October 23, 2007

Flex vs GWT vs Echo2

Past 2 weeks I needed to investigate the best framework to port the front-end of a Java/Swing framework to a rich web UI environment.
The contenders:
  • Adobe Flex2
  • GWT (Google Web Toolkit)
  • NextApp Echo2
The idea was to have a rich UI similar to the existing Swing framework running inside the web browser, that seamlessly integrates with existing Struts webapps. Applets / WebStart was out of the question, because of fear for deployment and decompilation issues.

So with these constraints in mind I started looking for the best framework amongst our 3 contenders. The odd one in the list is obviously Flex, but although not based on DHTML and JS it offers a lot of richness, and the deployment and security risks where less of a concern to the client.

Echo2 soon failed one of the main constraints: to seamlessly integrate within other webapps, maybe there are good solutions but I didn't seem to come across those. Because the API was very similar to Swing it was very easy to port some of the basic functionality for my proof of concept, too bad. Another concern is that Echo2 maintains the view-state server side, which could become an issue when scaling up to many concurrent users.

Flex also failed in favor of GWT. The main concern was the difficulty to integrate it with a J2EE or JEE backend, you need to use WebServices or REST. There is a free version of LiveCycleDataServices which takes care of this but it's limited to single CPU systems. Licenses for the enterprise edition however are pricey. Another concern was the lack of quality opensource plugins for Eclipse, requiring a FlexBuilder license at 500€ per developer to have a comfortable productive development environment. And another inconvenience is that it's not Java, rather annoying to migrate all developers to this new language (ActionScript). Flex still has to prove itself as a technology ready for enterprise adoption, and you still need a browser plugin and it can be decompiled.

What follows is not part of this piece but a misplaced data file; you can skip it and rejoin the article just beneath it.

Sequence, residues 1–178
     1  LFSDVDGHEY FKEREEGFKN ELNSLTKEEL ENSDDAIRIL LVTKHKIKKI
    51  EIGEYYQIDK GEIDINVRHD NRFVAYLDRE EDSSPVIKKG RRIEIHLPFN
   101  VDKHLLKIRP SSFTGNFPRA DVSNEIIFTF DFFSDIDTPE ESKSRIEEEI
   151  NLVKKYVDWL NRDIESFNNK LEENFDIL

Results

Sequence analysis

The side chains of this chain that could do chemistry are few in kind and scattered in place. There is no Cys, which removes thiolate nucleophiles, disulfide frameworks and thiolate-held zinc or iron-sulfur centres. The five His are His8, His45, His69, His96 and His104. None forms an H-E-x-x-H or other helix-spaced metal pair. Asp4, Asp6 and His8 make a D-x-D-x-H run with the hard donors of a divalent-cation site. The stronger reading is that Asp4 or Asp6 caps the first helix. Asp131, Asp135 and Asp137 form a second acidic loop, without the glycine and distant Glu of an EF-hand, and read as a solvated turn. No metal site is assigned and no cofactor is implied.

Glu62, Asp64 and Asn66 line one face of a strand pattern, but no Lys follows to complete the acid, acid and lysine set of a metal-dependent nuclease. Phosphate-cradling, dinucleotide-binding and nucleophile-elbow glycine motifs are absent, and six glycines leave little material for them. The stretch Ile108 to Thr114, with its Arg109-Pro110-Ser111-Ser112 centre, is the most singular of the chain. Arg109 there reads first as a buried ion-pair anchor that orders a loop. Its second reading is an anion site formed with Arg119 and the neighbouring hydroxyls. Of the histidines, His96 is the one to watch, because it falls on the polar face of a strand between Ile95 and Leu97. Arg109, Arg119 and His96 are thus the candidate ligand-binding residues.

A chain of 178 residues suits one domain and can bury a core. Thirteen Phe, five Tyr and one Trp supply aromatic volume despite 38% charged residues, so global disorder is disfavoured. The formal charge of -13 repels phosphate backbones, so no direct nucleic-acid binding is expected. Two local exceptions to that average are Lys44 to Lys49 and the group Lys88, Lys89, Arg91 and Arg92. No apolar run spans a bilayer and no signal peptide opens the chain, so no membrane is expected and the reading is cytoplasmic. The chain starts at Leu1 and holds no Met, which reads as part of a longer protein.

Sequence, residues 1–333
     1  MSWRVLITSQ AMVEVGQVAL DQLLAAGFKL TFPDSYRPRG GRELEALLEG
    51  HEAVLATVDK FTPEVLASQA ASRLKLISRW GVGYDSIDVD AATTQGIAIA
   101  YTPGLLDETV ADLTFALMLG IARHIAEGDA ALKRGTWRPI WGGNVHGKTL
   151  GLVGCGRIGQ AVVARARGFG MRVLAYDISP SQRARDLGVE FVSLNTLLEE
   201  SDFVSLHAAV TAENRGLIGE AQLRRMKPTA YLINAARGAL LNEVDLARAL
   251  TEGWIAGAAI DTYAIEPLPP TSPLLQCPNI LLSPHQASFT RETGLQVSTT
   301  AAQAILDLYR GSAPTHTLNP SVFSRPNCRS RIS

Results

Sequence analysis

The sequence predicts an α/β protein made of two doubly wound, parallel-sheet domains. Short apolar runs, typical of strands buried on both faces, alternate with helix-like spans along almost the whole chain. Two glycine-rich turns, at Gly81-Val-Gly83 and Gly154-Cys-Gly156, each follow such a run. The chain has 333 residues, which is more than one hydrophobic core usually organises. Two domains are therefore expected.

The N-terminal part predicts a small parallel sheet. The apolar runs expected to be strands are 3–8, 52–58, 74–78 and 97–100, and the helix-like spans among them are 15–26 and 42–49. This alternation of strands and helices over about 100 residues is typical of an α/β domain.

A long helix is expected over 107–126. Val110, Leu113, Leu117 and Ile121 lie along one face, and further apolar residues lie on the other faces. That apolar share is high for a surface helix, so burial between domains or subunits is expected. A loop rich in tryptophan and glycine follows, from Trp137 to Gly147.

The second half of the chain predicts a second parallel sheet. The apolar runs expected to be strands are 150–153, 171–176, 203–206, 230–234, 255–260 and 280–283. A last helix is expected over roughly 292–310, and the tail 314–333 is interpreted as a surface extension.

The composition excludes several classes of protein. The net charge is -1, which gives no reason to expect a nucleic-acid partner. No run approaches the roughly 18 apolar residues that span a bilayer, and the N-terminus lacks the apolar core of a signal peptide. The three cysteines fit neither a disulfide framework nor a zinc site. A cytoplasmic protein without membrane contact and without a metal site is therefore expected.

GWT on the other hand doesn't require all those changes of habit, you can keep developing and debugging in Java, with your preferred and well known tooling, JUnit testing, refactoring, you name it. Now a year after the first release there's already a large community adopting and extending the framework. Numerous enterprise applications have been built with it and it seems like a platform that improves productivity for rich internet application development. GWT shields all HTML, CSS, DHTML, JS and browser incompatibility issues from the developer. And as bonus you get free client side code compression and obfuscation. It's a pure WIN WIN situation.

A first implementation of the web port of the Swing based framework has begun with GWT 1.4.60 as platform and GWT-EXT (wrapper around EXT-JS) for some richer UI widgets. Everything gets built by Maven2, is developed in Eclipse and tested and debugged in the GWT Development Shell.

With the inception of GWT, Google gave JavaScript based applications a second life. IMHO if it wasn't for GWT, JavaScript would be dropped rather sooner than later in favor of Swing / JavaFX / Silverlight or Flex-like solutions for enterprise applications because of project maintainability issues.

Be sure to tune in later when I post my GWT / Maven2 project setup for Eclipse...